Reviewed for Shockya.com & BigAppleReviews.net linked from Rotten Tomatoes by: Harvey Karten
Director: Zaida Bergroth
Writer: Eeva Putro
Cast: Alma Pöysti, Krista Kosonen, Shanti Roney, Joanna Haartii, Robert Enckell
Screened at: Critics’ link, NYC, 5/25/21
Opens: June 3, 2021
Few scenes are as bracing as a winter’s plunge into Lake Isojärvi following a half hour of sweat in a Finnish sauna, but “Tove” does not require that kind of melodrama. “Tove” is directed by Zaida Bergrowth, whose “Maria’s Paradise” deals with an orphan, Salome, a follower of Maria Akerblom, who meets an outsider, begins to have doubts, all of which turns Maria dangerous. Though Tove Jansson (Alma Pöysti), whose biopic is the subject, does not become dangerous, though she reacts viscerally when the love of her life turnd to another. “Tove” is a respectable, focused look at a woman who is now world famous for creating the cartoon characters, or Moomins, who bear the noses of hippopotamuses, who are brought to life on the stage, and who haul Tove up from her penniless early life into fame and fortune.
Bergroth focuses on Tove’s days as a young adult, a rebellious woman with cropped blond hair whose career is natural progression for someone brought up in an artistic family. Her rigid father Viktor Jansson (Robert Enckel), is a sculptor who considers drawings mere distractions, and wants Tove to concentrate on painting, though her mother, Signe Jansson (Kajsa Ernst), a graphic artist, encourages her daughter’s love of drawing.
What better way to spend your time in a bomb shelter during the last year or so of World War 2 than to doodle? You never know how a distraction can lead to a promising career, in Tove’s case, a contract from a top British evening newspaper requiring her to knock out six strips a week and making her a household name in the graphic artists’ community. The film, while illustrating her work copiously, concerns itself principally with her two relationships. One is with Atos Wirtanen (Shanti Roney), a married, socialist member of parliament, with whom she hopes to be able to live a life of individual freedom. As she puts it “life is a wonderful adventure and one should explore all its twists and turns.” This as preface to stripping and heading with her boyfriend to the sauna.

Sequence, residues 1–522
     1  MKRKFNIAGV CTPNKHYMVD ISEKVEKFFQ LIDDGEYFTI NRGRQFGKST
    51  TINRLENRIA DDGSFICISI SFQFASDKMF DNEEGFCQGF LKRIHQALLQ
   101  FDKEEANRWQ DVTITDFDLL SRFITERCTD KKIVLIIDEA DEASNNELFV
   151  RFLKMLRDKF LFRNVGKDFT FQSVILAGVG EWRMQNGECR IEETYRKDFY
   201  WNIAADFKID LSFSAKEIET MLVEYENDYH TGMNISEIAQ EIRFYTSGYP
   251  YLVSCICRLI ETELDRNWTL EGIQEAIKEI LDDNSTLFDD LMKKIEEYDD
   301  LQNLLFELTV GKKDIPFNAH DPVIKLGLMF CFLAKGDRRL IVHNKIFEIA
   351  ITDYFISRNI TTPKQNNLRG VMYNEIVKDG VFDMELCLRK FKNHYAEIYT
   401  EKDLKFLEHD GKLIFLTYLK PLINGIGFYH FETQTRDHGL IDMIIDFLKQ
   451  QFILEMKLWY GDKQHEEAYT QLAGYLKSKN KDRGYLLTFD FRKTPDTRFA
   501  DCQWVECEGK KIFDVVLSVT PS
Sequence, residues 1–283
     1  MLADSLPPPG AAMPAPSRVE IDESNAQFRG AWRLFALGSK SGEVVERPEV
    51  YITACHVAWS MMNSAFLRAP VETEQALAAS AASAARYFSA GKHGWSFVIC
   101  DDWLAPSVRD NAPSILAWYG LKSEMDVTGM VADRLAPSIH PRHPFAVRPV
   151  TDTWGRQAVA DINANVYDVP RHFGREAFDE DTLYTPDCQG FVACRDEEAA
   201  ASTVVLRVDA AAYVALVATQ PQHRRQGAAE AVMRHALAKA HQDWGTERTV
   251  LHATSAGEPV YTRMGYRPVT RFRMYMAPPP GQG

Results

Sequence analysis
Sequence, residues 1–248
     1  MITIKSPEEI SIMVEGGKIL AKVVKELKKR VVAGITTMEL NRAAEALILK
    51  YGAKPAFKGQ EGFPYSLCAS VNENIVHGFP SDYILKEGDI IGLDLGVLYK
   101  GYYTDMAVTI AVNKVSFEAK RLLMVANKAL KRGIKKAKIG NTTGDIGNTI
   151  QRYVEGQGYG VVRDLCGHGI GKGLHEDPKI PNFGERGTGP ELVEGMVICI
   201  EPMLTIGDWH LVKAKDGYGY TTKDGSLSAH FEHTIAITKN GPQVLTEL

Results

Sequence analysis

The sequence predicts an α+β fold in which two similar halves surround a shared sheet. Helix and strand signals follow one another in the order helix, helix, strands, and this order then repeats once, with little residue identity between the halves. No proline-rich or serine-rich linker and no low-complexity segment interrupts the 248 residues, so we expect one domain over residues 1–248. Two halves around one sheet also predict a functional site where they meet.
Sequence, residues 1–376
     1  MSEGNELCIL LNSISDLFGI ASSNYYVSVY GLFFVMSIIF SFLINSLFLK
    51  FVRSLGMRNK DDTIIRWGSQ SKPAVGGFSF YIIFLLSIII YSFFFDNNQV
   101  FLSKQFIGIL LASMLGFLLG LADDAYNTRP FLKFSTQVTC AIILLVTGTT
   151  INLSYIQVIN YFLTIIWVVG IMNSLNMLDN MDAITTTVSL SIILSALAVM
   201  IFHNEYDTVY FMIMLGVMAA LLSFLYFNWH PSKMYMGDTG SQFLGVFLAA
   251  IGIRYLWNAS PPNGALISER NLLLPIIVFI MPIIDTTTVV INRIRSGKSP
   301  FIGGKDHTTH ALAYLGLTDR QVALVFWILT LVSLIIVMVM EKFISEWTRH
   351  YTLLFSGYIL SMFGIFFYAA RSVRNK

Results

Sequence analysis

But Atos has competition that he could never overcome. The bisexual Tove finds love at first sight with Vivica Bandler (Krista Kosonen), an upper-class, married woman of wealth who indulges in her passions: directing theater and introducing Tove to the wonders of lesbian sex. Though at one point Tove is furious at Vivica for a slight, causing her to ask Atos to propose, she could never get Vivica out of her mind. Vivica and Tove are professionally compatible as well, when the two collaborate on a play for children. Tove’s characters, Thingumy and Bob, are as inseparable as Tove wishes she and Vivica could be.
Tove is at her most vivacious when the big band sounds of 1952 are on the record player (as I recall my own coming of age during the 1950s, this sounds like the music of Glenn Miller, who appeared at my college prom with his entire group). Tove performs a almost feral series of steps, an emotional release which we see again on 8mm film with the real-life Tove Jansson’s slice of choreographed life.
Director Bergroth herself could remind you of Alma Pöysti: she would need only to give up her long, blond hair for the pixie look of her star performer. The director has no problem recreating the period from 1944 to 1952, as production designer Catharina Nyqvist Ehrnrooth evokes the difference between Tove’s flat with her father’s sculpting full-life figures to the elaborate, lived-in suite that proclaims her wealth. The film ends without our seeing Tove’s most daring political cartoon. The Swedish-language satirical magazine “Garm” highlights her drawing of Adolf Hitler as a crying baby in diapers surrounded by Neville Chamberlain and other European leaders trying to calm the baby down with slices of cake.
“Tove” is Finland’s entry to the 93rd Academy Awards. In Finnish, Swedish, French and English with English subtitles.
102 minutes. © 2021 by Harvey Karten, Member, New York Film Critics Online
Story – B
Acting – B+
Technical – B+
Overall – B